Now I know what my lady doctor meant. She meant she could counsel me to use condoms and she could treat me when needed, but she wasn’t going to criticize me if I contracted a virus. The virus is out there. I’m a free person and bad things happen to the most responsible as often as they happen to the least. You can’t judge a woman based on what happens to her. Women have a right to be exposed to the world.

In the end, that’s what I don’t think Hirshman gets. And I actually don’t think it’s because she’s from a former era of feminism, I think it’s because she’s not that smart. You can’t just say that women have a right to advancement and job promotion. Obviously, we do. But women have a right, at base, to take their chances in the world without special bumper lanes. For better or worse, regardless of the preconceptions or actual physical differences between women and men. Women have a right to be exposed to the world for success and for failure.  And that’s a little scary and a little fantastic.

I also get a little angry. The piece isn’t thought-provoking or discussion-building or even, really, news. It’s just this lady’s chance to criticize and be offensive. No one should have let her make that public.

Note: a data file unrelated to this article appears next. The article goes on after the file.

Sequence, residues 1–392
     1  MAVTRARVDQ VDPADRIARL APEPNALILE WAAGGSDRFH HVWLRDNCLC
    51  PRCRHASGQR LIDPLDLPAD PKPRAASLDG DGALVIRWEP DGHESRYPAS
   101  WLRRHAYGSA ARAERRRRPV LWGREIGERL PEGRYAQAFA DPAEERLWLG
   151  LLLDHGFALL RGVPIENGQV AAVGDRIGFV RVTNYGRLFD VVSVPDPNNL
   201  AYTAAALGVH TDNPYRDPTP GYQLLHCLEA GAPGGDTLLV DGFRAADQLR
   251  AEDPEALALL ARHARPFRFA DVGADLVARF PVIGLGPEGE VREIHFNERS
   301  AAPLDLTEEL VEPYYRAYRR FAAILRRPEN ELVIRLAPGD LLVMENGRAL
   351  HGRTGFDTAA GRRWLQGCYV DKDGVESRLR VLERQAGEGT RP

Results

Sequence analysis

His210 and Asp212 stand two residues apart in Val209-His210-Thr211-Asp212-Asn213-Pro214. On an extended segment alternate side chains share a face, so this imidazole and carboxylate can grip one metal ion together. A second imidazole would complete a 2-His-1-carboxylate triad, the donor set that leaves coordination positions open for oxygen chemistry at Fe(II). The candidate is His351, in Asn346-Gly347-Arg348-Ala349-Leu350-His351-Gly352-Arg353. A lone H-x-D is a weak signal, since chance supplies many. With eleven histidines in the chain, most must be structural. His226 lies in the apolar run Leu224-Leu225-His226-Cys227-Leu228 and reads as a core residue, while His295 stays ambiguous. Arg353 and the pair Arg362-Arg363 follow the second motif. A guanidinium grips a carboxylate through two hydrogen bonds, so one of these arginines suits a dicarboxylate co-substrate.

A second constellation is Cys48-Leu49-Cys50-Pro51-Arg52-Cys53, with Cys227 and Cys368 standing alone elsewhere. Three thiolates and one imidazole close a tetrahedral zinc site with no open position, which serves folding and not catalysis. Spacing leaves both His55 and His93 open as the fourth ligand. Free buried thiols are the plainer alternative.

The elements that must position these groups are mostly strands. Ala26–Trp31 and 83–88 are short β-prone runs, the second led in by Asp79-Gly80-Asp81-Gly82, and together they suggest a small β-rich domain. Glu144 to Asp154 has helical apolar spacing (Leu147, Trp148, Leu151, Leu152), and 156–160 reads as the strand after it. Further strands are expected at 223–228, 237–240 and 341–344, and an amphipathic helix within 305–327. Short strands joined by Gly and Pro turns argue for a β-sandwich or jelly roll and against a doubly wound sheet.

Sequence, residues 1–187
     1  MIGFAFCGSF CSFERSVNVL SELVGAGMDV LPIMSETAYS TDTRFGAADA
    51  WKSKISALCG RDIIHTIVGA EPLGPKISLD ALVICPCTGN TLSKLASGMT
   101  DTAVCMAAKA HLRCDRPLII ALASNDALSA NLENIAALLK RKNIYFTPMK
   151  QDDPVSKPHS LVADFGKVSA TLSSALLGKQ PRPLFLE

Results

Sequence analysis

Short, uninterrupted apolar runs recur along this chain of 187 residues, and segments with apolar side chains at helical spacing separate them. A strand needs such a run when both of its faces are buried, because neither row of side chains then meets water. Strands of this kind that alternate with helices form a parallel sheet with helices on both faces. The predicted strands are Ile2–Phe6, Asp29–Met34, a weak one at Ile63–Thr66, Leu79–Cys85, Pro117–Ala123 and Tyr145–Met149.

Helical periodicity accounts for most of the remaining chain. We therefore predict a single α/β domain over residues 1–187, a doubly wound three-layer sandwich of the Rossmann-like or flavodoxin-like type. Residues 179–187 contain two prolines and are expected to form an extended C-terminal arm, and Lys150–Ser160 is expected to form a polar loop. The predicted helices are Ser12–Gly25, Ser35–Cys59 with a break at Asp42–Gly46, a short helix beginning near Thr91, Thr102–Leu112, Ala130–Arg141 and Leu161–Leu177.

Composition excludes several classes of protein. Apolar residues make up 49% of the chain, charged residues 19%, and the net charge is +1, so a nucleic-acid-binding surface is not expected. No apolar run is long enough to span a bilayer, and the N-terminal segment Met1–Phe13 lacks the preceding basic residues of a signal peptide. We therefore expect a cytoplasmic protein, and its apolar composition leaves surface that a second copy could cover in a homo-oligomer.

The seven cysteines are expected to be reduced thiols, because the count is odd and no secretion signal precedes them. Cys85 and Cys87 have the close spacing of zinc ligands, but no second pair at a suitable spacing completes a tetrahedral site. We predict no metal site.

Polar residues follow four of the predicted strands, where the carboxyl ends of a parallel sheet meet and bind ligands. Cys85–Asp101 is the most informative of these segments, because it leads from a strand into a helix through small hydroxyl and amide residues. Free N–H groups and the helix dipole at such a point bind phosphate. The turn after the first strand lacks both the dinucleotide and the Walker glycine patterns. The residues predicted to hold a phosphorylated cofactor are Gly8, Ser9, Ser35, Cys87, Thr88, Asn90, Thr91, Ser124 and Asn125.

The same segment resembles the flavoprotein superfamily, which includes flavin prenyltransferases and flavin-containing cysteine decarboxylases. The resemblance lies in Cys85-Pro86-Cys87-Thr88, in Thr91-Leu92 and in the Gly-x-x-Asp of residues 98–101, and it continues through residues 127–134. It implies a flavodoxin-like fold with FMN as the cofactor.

(Especially since there were clearly ulterior motives.)


9 thoughts on “The Lady Doctor and Linda Hirshman.

  1. ladyfresshh May 14, 2009 at 1:47 pm Reply

    This reminds me of the dangerous book for boys and daring book for girls…thanks for reminding me of my right to be dangerous. We do seem to get extra flack for risky behavior.

  2. shani-o May 14, 2009 at 2:23 pm Reply

    But unregulated sexual life also exposes women to the strong men around them

    This made me so mad. Like, blind with rage. I actually had to stop reading for a second.

    I’m not going to blog in your comments, but suffice it to say, that, right there, is the same old boilerplate, misogynist bull; the only twist is that a woman is saying it. And the fact that the editors at XX posted it makes me very hesitant to support the site.

  3. Winslowalrob May 16, 2009 at 10:34 am Reply

    Hirshman is a salty-ass putz.

    Slate punted XX from the beginning. Also I find the idea of separate websites for feminists (and blacks, hello the Root) to be kind of suspect.

  4. blackink May 16, 2009 at 4:37 pm Reply